Wikipedia ends anonymous creation of articles

Wikipedia now limits anonymous users to updating exsting articles, preventing them from creating new ones. Anonymous access has been a prized feature, on the theory that, for example, a Chinese dissident should not be limited any more than [s]he already is by the government in Internet participation.

But arguably, an encyclopedia–on line or otherwise–is the wrong place for one-sided information, whether from governments or dissidents. And recent incidents have forced Wikipedia’s hand.

Frankly, I find it surprising it’s taken this long. Comments in this blog are limited to registered users. And I’m certainly not hiding my identity here.

Even when I allowed anonymous comments, I moderated them, and wound up deleting all that came in, because I wasn’t hearing from Chinese dissidents but people who worship President Bush and the ground he walks on, and accept as gospel all his lies and distortions. People who, for instance, insist that the accumulation of scientific evidence on global warming is some kind of politically-motivated scientific groupthink.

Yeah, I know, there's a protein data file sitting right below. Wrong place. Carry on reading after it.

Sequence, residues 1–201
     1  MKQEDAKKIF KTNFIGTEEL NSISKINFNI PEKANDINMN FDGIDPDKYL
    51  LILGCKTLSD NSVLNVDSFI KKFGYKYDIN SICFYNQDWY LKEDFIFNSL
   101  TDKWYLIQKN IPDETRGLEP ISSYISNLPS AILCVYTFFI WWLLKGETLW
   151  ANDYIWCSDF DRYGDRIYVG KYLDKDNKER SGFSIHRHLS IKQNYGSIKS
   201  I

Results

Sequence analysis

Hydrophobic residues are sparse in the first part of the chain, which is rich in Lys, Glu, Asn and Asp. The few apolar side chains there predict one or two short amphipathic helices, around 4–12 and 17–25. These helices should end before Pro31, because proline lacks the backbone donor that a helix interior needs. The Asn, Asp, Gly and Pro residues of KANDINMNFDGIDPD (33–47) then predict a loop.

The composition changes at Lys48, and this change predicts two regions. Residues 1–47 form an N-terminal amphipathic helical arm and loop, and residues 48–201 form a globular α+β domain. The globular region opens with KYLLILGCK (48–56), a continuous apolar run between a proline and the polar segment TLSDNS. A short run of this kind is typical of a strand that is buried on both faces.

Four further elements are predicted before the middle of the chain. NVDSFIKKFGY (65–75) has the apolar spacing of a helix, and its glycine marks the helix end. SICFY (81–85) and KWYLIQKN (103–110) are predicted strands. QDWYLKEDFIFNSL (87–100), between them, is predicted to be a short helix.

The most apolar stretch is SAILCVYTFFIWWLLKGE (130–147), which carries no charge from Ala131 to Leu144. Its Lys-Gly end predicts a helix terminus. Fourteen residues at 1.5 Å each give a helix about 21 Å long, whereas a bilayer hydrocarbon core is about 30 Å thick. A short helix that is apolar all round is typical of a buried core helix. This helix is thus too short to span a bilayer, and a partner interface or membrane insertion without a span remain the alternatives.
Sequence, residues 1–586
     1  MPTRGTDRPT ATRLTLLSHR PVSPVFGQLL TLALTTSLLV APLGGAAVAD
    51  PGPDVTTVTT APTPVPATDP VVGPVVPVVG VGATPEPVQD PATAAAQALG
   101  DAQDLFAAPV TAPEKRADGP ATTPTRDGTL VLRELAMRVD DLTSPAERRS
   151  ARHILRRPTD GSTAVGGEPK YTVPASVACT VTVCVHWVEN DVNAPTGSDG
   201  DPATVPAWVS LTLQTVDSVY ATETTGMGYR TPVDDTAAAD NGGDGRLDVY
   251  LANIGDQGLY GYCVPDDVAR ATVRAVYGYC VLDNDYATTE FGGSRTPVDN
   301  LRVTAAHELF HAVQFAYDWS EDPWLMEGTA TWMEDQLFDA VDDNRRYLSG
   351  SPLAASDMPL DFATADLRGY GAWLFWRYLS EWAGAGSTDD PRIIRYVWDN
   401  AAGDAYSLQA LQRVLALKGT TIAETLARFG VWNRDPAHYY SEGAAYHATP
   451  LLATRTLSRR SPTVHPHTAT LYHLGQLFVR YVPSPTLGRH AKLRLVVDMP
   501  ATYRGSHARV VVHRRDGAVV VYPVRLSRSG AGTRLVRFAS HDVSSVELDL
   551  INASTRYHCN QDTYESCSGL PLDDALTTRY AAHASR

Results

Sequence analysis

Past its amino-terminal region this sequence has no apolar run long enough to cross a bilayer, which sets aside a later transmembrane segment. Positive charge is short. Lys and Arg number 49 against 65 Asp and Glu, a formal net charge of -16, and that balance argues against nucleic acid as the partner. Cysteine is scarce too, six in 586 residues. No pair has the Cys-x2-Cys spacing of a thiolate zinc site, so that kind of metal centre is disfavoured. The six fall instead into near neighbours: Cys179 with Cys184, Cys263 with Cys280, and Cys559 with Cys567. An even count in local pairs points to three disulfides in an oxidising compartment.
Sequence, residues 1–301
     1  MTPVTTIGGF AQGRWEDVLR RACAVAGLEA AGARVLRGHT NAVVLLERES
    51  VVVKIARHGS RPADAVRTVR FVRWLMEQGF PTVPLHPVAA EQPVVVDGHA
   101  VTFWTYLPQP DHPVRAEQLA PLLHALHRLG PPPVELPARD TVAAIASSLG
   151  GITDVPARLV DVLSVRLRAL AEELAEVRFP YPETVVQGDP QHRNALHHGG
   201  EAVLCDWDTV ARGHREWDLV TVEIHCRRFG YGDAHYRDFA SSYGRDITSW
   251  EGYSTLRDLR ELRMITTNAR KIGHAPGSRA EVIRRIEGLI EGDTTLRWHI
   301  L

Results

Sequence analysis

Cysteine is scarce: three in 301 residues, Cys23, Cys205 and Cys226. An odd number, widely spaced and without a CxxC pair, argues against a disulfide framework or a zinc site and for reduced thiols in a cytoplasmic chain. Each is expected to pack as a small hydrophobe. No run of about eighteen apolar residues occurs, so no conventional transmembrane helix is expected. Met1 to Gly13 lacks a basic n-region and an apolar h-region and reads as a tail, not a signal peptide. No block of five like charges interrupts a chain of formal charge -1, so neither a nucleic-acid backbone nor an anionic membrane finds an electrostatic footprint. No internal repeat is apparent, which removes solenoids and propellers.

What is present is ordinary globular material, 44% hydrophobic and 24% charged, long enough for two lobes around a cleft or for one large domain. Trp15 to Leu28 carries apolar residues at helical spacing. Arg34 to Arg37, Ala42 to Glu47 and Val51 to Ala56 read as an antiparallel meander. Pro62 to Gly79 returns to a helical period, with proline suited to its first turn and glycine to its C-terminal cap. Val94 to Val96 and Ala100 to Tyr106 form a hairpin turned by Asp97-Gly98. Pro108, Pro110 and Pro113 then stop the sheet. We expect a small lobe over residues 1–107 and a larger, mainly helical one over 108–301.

It’s too bad. Because it is entirely too easy to imagine a legitimate need for anonymous access. And even easier to imagine how people can abuse it.

Author: benfell

David Benfell holds a Ph.D. in Human Science from Saybrook University. He earned a M.A. in Speech Communication from CSU East Bay in 2009 and has studied at California Institute of Integral Studies. He is an anarchist, a vegetarian ecofeminist, a naturist, and a Taoist.

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